W C Penland

To H M Penland

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This letter makes me sad that WC is sick and leaves me wondering how far away the hospital he mentions was from his location. Also interesting is his continued mentioning of men who his family are familiar with.

Tipper

 

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13 Comments

  • Reply
    David Templeton
    June 28, 2015 at 10:40 pm

    Reading Don Casada’s comment, I’m not sure my comment is fitting, as I do not know if Seargent Penland died then from further complications of the illness he reports in his letter. But I wondered if Mr. Penland knew that medical science and technology was far from the typical field hospital and the chances for recovery or survival for the sick or wounded there were poor. Perhaps he knew to take his chances without risking the malaise of a field hospital.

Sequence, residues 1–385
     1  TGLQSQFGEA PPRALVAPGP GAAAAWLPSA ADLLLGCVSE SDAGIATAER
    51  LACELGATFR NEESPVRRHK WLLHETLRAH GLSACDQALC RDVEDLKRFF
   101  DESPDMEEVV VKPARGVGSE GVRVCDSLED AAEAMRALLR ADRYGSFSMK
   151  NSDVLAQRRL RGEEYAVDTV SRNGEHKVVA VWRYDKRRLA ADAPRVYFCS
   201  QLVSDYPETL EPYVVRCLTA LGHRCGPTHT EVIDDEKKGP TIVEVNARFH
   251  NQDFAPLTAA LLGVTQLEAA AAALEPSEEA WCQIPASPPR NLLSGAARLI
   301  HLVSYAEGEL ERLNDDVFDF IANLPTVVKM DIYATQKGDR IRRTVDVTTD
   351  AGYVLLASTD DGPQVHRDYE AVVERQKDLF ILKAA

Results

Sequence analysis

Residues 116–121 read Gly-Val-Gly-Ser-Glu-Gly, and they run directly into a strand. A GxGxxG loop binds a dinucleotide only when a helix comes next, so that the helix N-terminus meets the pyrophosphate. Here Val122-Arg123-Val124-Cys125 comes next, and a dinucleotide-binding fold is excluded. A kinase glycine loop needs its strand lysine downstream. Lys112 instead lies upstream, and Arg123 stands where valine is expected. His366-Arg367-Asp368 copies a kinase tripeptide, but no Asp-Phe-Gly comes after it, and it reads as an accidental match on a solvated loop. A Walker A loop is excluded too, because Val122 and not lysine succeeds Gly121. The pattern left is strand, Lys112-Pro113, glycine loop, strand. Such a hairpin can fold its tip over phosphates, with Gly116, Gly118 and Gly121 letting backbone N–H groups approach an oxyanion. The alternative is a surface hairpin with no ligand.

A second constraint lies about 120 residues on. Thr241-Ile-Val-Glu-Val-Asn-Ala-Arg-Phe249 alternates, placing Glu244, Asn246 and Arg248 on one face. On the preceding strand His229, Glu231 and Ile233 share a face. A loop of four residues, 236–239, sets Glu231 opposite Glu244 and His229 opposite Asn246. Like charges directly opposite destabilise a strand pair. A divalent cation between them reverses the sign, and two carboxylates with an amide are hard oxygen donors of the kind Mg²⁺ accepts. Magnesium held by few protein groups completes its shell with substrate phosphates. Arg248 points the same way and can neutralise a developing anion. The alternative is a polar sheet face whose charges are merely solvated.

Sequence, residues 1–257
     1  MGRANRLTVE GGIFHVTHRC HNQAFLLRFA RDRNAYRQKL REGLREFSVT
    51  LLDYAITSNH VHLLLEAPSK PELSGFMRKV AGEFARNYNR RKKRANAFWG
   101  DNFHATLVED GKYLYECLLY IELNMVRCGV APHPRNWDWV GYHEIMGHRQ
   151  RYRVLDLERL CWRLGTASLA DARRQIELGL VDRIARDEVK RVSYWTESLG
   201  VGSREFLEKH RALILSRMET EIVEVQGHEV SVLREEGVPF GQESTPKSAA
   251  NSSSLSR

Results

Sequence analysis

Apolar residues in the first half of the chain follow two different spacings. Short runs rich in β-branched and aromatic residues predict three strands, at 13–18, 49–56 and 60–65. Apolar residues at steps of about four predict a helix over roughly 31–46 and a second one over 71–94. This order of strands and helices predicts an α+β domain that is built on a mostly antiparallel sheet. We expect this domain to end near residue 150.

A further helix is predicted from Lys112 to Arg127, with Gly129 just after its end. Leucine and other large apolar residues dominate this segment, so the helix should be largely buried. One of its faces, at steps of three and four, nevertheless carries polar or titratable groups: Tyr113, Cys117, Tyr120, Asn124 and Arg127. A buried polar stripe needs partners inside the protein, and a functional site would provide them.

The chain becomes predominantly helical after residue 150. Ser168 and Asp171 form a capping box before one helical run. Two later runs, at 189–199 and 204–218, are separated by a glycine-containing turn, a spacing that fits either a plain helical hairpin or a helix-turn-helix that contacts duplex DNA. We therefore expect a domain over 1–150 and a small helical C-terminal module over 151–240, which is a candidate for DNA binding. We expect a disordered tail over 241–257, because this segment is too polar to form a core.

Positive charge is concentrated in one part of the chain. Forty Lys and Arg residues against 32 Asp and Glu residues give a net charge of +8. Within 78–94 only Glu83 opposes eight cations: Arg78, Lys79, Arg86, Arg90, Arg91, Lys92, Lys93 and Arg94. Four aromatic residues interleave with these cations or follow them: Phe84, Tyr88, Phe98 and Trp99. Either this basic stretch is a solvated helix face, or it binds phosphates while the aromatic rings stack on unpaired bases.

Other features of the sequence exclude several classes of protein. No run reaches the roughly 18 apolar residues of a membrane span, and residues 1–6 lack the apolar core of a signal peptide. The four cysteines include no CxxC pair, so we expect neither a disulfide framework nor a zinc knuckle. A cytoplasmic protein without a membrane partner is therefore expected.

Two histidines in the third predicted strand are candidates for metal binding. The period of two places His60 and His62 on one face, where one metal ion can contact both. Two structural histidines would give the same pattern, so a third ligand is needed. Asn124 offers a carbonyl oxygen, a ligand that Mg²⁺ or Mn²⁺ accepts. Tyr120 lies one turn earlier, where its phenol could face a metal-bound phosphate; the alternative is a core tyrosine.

God knows the field doctors and nurses did the best they could, given the nightmare in which they worked to save the soldier.

  • Reply
    Brenda S 'Okie in Colorado'
    June 28, 2015 at 12:34 am

    I always look forward to these letters. So sad.

  • Reply
    TimMc
    June 27, 2015 at 4:34 pm

    One can only try to imagine and not even get close to the struggles of day to day life not counting the fear they felt of the actual battles they fought..

  • Reply
    dolores
    June 27, 2015 at 2:52 pm

    It is amazing how many thoughtful letters wee sent by this young man. He appears to be comfortable with sending updates and news.

  • Reply
    Jay
    June 27, 2015 at 1:14 pm